How to impress Jessica

Roz Are there any common features of books you reject?

Jessica No plots, rushed endings, lacking hooks, too much purple prose, stream of consciousness.

Roz Should an author get their book professionally edited before submitting to you?

Jessica Definitely. Despite all books going through three different edits (development edit, copy edit and multiple proofreads), we want to be reading the best product possible right off the bat. If a book is poorly edited, it’s going to distract us from seeing and understanding what is the most important—story and voice.

Roz How much do you consider an author’s platform when deciding whether to offer on a manuscript?

Jessica Oh, in this day and age it’s everything. It’s actually the first thing I look at before reading a submission in full. A small press cannot survive without active authors.

Roz What’s your view of creative writing courses?

Jessica They are great fun, and refine skills, but don’t expect them to suddenly make you a brilliant writer. They are for practice and discovery. Not miracle-makers. But yes, take them! But only for the pure enjoyment of it.

Strength in numbers

Roz Many fine authors are now selfpublishing. The tools are mature and sophisticated, and some beautiful books are being produced. What do you think a publisher does that authors can’t do by themselves?

Jessica I can only speak for us as I don’t know what other small presses offer their authors. But we produce a professionally edited manuscript and designed cover and interior and incur all the costs.

We connect them with like-minded authors from our list in a private and very supportive Facebook group. This is a great cross-promotion tool. We do online promotion that they might not be able to do themselves. We steer them in the right direction regarding their online presence if necessary and offer ongoing support and guidance for their writing career.

If an author can do all the above on their own, then I urge them to self-publish. We are not necessary! Also, not every publisher will do the above, so choose wisely.

Roz Many indie authors will know you for your beautiful and quirky cover designs. When you’re working on a cover with an indie author, they clearly have the final say, with your guidance of course. But when you design for Vine Leaves Press, do other people give feedback on the suitability of a cover?

Jessica We will listen to all feedback, and if we agree we will revise. But ultimately, we have the final say and that is stated in our contract.

Roz How much of the publishing work do you outsource and how much is done personally by you? Do you have staff?

Jessica (left) and VLP partner Amie McCracken

Jessica I now have a partner, Amie McCracken. I sold half the company to her a couple of years ago, as it was getting too big for my own boots. So we make all decisions together now. I am the go-to for all things related to submissions, design, bookkeeping, our SPILL IT! column, the new 50 Give or Take flash fiction newsletter, general admin and upkeep, and Amie is the go-to for all things related to editing, typesetting/ebook formatting, contracts and the publishing schedule, and our author liaison. We share social media responsibilities, and outsource some marketing video production, some newsletter composing, most editing and all manuscript evaluations.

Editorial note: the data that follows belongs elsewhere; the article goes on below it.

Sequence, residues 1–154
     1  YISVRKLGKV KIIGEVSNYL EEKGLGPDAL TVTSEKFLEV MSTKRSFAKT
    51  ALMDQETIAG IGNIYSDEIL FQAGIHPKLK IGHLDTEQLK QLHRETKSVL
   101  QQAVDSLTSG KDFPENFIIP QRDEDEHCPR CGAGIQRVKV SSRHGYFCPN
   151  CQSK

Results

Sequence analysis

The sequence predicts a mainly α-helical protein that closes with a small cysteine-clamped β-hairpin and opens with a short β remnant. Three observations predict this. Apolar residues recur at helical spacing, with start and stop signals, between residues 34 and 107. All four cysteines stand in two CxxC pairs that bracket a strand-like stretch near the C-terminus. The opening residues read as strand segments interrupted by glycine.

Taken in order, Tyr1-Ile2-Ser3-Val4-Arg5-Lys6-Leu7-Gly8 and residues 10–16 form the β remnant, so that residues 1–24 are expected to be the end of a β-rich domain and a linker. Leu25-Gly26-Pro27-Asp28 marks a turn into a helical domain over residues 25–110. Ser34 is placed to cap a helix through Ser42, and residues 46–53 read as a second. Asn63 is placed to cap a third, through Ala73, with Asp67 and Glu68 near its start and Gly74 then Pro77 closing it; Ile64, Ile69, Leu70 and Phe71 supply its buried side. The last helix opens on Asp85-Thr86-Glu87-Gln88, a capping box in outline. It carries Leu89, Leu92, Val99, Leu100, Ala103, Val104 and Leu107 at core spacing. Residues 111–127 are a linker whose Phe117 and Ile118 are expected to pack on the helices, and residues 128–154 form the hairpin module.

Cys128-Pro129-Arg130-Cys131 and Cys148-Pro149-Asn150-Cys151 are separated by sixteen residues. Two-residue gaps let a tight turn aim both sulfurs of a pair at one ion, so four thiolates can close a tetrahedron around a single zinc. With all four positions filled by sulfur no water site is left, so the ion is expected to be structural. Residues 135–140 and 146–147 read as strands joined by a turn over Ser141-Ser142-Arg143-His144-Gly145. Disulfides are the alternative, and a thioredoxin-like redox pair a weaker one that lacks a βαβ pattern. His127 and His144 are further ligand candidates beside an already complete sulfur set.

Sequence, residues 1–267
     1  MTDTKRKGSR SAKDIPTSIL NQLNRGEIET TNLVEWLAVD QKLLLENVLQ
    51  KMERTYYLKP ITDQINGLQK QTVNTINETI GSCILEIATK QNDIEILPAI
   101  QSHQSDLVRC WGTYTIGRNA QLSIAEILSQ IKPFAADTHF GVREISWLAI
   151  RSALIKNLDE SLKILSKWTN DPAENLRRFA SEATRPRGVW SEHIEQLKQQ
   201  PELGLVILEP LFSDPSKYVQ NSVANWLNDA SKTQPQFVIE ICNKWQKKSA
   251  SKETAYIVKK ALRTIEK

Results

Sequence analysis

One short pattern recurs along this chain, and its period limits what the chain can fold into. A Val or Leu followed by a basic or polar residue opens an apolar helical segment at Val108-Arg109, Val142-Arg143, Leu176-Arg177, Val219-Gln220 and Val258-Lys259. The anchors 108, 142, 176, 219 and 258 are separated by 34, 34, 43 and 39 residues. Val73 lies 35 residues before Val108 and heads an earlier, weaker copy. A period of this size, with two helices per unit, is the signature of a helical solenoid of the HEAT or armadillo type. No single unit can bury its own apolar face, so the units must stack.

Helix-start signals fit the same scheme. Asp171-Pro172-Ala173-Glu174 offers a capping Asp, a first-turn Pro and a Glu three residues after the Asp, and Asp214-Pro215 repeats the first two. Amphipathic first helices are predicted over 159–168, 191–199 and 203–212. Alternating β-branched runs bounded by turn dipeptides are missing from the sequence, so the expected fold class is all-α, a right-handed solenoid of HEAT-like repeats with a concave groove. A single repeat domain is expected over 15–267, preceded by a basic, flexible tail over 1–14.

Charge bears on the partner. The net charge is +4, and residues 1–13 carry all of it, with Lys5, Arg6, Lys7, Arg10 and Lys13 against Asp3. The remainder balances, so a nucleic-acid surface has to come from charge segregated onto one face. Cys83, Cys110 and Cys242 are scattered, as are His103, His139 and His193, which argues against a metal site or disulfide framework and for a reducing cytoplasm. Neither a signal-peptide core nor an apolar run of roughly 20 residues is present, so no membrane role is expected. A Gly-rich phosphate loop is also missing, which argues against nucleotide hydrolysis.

Roz Any advice for an author thinking of setting up a publishing house?

Jessica Be a patient and understanding person. If you’re not, you will run into trouble and conflict with your authors. Be ambitious and have the ability to look into the future regarding expectation. You will not make money straight away. Up until last year, we were just breaking even every year; sometimes we would have a loss, and that was with volunteers on our team! We are finally starting to make some money. That took six years.

Marketing … the literary way

Roz There’s no getting away from the fact that literary fiction, poetry and vignettes are trickiest to market… any thoughts? What’s your approach?

Jessica Don’t settle for the same-old. Be as innovative as you can. Post something on social media EVERY DAY. Build a mailing list. Approach publishing like a self-publisher. Traditional methods used by the Big Five do not work for a small press. You will end up bankrupt. One of our biggest sellers is a vignette collection (The Walmart Book of the Dead by Lucy Biederman). It sells because it really is unique and intriguing. Market to niche audiences, not the world.

Roz Approach publishing like a self-publisher? I want that on a T-shirt. That’s a great insight.

Many publishers have reps who sell into bookshops. And distribution deals. Do you have anything like that?

Jessica No we don’t have reps. All our sales are online, unless an author has managed to get their book stocked somewhere on consignment.

Roz I’m on the Vine Leaves mailing list and you work hard to establish a vibrant and provocative presence in your newsletters. There’s very much a feeling of a Vine Leaves family.

Jessica I am a hands-on team member that nurtures our authors as much as humanly possible. Being an author and all-round creative person myself, I understand the needs of my kind. This is why I started the private VLP group on Facebook where members (authors and staff only) can support each other and their work. I have worked years to establish an extremely friendly and happy environment at Vine Leaves Press in order to motivate creativity and productivity. If you become a VLP author, you become a part of a loyal and enthusiastic family of book lovers that will bend over backwards to help you out.